Business Ethics, an oxymoron?

This article has been published in the CFBP Souvenir on 21st September,2016.


To ignore evil is to become an accomplice to it.

                                                Martin Luther King Jr.


US $1 trillion dollars (US $1,000 billion). This is a conservative estimate for annual worldwide bribery as estimated by World Bank Institute in 2004. This estimate does not include the extent of embezzlement of public funds (from central and local budgets), or from theft (or misuse) of public assets.

Furthermore, the $1 trillion estimate does not include the full extent of ‘tainted procurement’, but only the bribe fees associated with such procurement.

Thus, looking at the above data, it is not surprising that Business ethics is still considered an oxymoron by many. It is a matter of grave concern that this amount of $1 trillion exceeds the GDP of many countries. Only 15 countries of the world have a GDP above $1 trillion.

Significant losses in investment, private sector development, and economic growth to a country, or to the increases in infant mortality, poverty and inequality, all result from corruption and misgovernance.

However the positive side is that there is lower skepticism now with the concept of ethics in organizations. Large number of studies are being conducted focusing on the benefits of organizations being ethical. In a recent workshop that I conducted for a board of directors for a listed company, the members believed with confidence that Business ethics is not an oxymoron and that it actually pays to be ethical.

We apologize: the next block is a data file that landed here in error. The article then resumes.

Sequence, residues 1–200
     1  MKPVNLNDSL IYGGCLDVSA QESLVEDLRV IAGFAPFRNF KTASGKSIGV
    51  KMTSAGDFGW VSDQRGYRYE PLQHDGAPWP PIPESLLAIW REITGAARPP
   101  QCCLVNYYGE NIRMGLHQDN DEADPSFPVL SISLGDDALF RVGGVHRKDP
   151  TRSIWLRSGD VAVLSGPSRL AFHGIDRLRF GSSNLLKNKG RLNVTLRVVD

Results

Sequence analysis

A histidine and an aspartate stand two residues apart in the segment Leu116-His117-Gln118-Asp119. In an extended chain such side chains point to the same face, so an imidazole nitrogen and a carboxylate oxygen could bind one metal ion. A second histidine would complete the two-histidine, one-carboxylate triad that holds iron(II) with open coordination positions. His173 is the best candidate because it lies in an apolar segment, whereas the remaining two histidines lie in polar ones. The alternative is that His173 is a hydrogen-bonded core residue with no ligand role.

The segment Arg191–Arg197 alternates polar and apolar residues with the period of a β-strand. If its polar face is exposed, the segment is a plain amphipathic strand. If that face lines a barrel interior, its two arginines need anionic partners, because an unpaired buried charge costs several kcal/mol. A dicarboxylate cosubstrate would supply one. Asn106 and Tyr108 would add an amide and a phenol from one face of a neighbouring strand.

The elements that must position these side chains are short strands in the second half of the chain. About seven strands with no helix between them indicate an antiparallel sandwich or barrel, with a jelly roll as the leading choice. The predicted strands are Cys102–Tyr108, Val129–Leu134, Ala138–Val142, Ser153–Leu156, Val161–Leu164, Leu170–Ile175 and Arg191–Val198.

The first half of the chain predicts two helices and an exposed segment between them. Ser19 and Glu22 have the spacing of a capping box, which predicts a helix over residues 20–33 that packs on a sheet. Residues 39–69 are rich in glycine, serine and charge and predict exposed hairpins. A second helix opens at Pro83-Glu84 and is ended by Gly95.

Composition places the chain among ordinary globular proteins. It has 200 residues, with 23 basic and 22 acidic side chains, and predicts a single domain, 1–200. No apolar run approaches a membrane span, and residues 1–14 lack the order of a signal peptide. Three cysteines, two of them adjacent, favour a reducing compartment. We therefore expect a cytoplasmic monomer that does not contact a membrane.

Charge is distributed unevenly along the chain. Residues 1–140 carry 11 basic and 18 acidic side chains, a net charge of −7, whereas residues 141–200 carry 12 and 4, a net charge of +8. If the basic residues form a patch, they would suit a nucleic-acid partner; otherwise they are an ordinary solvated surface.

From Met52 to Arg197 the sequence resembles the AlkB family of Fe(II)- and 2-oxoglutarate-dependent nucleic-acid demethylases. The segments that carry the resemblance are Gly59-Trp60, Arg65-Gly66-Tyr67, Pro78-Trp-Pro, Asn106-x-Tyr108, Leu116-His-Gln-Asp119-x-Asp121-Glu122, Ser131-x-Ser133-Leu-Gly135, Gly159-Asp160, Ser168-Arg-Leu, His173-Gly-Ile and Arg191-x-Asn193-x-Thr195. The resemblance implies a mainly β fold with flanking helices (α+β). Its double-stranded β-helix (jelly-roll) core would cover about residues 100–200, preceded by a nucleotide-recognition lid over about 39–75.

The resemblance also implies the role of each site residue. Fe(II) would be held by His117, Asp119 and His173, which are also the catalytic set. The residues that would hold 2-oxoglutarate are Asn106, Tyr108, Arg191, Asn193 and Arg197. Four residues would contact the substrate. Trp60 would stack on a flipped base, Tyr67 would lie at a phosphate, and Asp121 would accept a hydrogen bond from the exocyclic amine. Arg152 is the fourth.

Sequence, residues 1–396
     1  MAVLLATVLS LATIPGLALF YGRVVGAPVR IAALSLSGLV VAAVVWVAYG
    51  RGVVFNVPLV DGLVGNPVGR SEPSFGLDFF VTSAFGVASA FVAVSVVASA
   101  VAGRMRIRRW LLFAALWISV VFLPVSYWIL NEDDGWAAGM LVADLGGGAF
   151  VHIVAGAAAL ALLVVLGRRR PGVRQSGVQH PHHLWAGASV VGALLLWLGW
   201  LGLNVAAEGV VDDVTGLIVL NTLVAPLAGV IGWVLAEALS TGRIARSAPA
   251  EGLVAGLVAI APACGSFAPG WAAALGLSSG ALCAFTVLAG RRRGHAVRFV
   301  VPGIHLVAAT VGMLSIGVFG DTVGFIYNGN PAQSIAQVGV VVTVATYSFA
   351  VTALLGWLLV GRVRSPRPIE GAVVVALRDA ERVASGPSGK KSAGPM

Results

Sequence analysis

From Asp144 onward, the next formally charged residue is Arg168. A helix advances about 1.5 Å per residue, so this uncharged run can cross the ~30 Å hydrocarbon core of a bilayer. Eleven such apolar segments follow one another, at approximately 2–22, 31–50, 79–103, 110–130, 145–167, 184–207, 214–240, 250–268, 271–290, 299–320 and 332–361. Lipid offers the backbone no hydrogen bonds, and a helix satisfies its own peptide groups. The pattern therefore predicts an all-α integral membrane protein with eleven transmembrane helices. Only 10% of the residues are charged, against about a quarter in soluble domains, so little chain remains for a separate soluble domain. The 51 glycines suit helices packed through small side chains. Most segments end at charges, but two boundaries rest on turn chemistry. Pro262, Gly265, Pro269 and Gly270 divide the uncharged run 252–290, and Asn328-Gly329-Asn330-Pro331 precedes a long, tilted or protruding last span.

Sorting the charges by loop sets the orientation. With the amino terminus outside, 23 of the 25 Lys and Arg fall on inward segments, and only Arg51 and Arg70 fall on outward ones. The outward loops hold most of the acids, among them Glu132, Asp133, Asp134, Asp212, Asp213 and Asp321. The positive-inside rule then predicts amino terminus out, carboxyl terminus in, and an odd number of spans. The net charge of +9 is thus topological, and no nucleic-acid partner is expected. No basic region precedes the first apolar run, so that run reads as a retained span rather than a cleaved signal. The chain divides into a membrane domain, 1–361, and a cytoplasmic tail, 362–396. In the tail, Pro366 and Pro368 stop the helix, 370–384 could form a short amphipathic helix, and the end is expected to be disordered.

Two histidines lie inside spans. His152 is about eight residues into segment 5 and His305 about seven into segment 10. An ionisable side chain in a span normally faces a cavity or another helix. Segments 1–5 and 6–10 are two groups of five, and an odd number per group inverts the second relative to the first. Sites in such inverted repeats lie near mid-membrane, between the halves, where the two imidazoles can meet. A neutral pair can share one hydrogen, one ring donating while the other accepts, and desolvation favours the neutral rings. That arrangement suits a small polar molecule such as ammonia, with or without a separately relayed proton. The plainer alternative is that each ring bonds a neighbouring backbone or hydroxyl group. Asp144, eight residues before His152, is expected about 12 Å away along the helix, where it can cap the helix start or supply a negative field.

Also, my Phd thesis was on ‘Ethical Business Practices and Corporate Financial Performance: An empirical analysis’. It showed a positive correlation between the practice of ethics in organizations and certain financial variables.

In addition what is heartening to see is the recent establishment of the UK Modern Slavery Act 2015, which provides the needed leadership.

It (“the Act”) introduces a number of measures to combat slavery and human trafficking. In addition to creating new criminal offences, powers of enforcement and measures to protect victims, it introduces requirements intended to eliminate slavery and trafficking in global supply chains. It gives the UK the same wide-reaching ethical remit as regards slavery and trafficking as the Bribery Act 2010 gives it in the field of bribery and corruption.